Charging MethodsSolar, Wall Outlet, Car charging, Generator
Maximum Solar Input1200W
Split-Phase FunctionYes, by pairing two units
Output OptionsUSB-C, USB-A, AC, DC, RV Port 30A (adapter sold separately) , Wireless Charging Pad
Warranty3 years

Product Overview:

The BLUETTI EP500 model makes single application energy storage systems, such as a Tesla Powerwall, a thing of the past. 

  • Capacity: this class-leading solar generator can run your whole house for a day or two in the event of an unexpected outage. Providing 5120Wh with a 2000W pure sine wave inverter.
  • Solar Charging: you can use third-party solar panels to charge your EP500 unit, as long as the maximum input current is 20A and the charging voltage is between 55-145V. EP500 can achieve a maximum of 1200W solar input.

2. EcoFlow DELTA Pro Portable Power Station

Tech Specs:

Continuous power output3600W
Power surge7200W
Expandable CapacitySupports up to two extra batteries, 3.6kWh each
Battery ChemistryLithium Iron Phosphate
Battery Life Cycle6,500 cycles to 50% capacity, 3,500 cycles to 80% capacity
Charging MethodsSolar, Wall Outlet, Car charging, EV Charging Station
Maximum Solar Input1600W
Split-Phase FunctionYes, by pairing two units
Output OptionsAC, DC, USB-A, USB-C, RV port, Car Power Output
Warranty2 years

Product Overview:

The DELTA Pro model from EcoFlow is advertised as “a portable home battery with an expandable ecosystem for home backup”, and this description is spot on.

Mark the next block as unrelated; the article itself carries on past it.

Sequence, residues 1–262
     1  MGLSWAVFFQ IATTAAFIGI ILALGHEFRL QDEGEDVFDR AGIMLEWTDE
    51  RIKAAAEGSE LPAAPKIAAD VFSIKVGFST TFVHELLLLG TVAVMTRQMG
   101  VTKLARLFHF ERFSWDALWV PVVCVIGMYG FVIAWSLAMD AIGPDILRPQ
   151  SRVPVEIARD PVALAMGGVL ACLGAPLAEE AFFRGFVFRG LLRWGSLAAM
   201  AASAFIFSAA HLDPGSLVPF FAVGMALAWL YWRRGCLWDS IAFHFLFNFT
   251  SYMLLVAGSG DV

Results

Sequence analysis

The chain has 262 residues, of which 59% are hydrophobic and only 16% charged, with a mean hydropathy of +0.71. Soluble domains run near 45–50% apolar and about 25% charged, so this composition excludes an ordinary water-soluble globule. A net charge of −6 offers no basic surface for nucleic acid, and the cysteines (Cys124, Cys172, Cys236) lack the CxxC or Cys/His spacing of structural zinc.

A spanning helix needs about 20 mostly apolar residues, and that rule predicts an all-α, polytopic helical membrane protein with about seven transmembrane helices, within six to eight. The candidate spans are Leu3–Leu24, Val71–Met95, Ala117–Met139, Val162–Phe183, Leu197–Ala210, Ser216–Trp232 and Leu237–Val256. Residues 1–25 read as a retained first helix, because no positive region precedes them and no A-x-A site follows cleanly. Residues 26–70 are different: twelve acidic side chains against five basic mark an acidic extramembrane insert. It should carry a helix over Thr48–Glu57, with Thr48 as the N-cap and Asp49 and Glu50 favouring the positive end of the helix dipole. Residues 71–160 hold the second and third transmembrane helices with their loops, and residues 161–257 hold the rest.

• Capacity: with 3.6kWh of capacity (from its LiFePO4 battery) and 3600W of power, it can power pretty much any appliance. And there’s more: you can expand this by adding two extra batteries, bringing you up to a total of 10.8kWh. In addition, you can pair two units (with additional batteries in each) to achieve groundbreaking 25kWh of capacity.
  • Home Integration: for convenience, you can integrate this generator directly with your home circuits using the Smart Home Panel (sold separately).
  • Split-Phase Function: tt supports split-phase bonding, meaning you can pair two units together (using a “double voltage hub”, sold separately) to power 240V appliances and achieve a massive power of 7200W.
  • Charging Methods: you can recharge it using several different methods: solar panels (max input of 1600W), 240V outlet (max 3000W input), EV charger (3400W input), smart generator, and smart home panel (both sold by EcoFlow).
  • Dual Charging Option: you can use three charging methods (AC + solar + smart generator from EcoFlow) simultaneously, with a total input rate of 6500W. This way, it fully charges in 1.8 hours.

3. Point Zero Energy Titan Solar Generator

Tech Specs:

Continuous power output3000W (with 2+ battery packs)
Power surge6000W
Expandable CapacitySupports up to 6 extra batteries, 2kWh each
Battery ChemistryLithium-Ion
Battery Life CycleUp to 2000 cycles (with 80% DoD)
Charging MethodsSolar, AC charger
Maximum Solar Input2000W
Split-Phase FunctionNo
Output OptionsAC, DC, RV port
Warranty2 year limited on Titan Power Module
1 year limited on Titan Battery Pack

Product Overview:

The Titan solar Generator from Point Zero Energy provides reliable solar backup power for any situation. 

  • Power Inverter: it has a powerful built-in 3000W inverter (with 6000W surge), which allows you to power high-wattage appliances.
  • Expandable Capacity: it comes with a 2000Wh lithium battery pack, but the best feature of this solar generator is that its battery system is completely expandable, so you can add multiple 2000Wh battery modules to expand your system’s energy capacity (it’s recommended a maximum of 6 batteries).
  • Solar Charging: it has two MPPT charge controllers, which can handle up to 1000W of solar input each (2000W total). This way, you can quickly recharge the batteries using solar panels.

4. BLUETTI AC300 + B300 Battery Modules

Tech Specs:

Continuous power output3000W
Power surge6000W
CapacityMinimum of 3072Wh
Expandable CapacityExpandable with up to 4 battery packs (B300) to achieve 12,288Wh
Battery ChemistryLithium Iron Phosphate
Battery Life Cycle6000 cycles until 50% capacity